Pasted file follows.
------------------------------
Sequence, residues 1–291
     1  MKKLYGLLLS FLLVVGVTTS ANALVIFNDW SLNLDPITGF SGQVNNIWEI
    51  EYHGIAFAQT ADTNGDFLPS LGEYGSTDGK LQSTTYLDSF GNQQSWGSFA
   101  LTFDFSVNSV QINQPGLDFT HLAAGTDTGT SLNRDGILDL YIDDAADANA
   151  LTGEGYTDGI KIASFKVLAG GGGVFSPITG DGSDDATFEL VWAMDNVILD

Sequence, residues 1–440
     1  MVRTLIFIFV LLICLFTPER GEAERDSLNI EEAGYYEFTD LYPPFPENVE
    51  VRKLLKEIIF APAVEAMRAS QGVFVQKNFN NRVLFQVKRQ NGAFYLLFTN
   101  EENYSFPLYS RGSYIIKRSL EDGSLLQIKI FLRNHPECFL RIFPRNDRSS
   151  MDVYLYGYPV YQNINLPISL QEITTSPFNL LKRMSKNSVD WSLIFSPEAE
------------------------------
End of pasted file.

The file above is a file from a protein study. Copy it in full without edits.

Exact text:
Sequence, residues 1–291
     1  MKKLYGLLLS FLLVVGVTTS ANALVIFNDW SLNLDPITGF SGQVNNIWEI
    51  EYHGIAFAQT ADTNGDFLPS LGEYGSTDGK LQSTTYLDSF GNQQSWGSFA
   101  LTFDFSVNSV QINQPGLDFT HLAAGTDTGT SLNRDGILDL YIDDAADANA
   151  LTGEGYTDGI KIASFKVLAG GGGVFSPITG DGSDDATFEL VWAMDNVILD

Sequence, residues 1–440
     1  MVRTLIFIFV LLICLFTPER GEAERDSLNI EEAGYYEFTD LYPPFPENVE
    51  VRKLLKEIIF APAVEAMRAS QGVFVQKNFN NRVLFQVKRQ NGAFYLLFTN
   101  EENYSFPLYS RGSYIIKRSL EDGSLLQIKI FLRNHPECFL RIFPRNDRSS
   151  MDVYLYGYPV YQNINLPISL QEITTSPFNL LKRMSKNSVD WSLIFSPEAE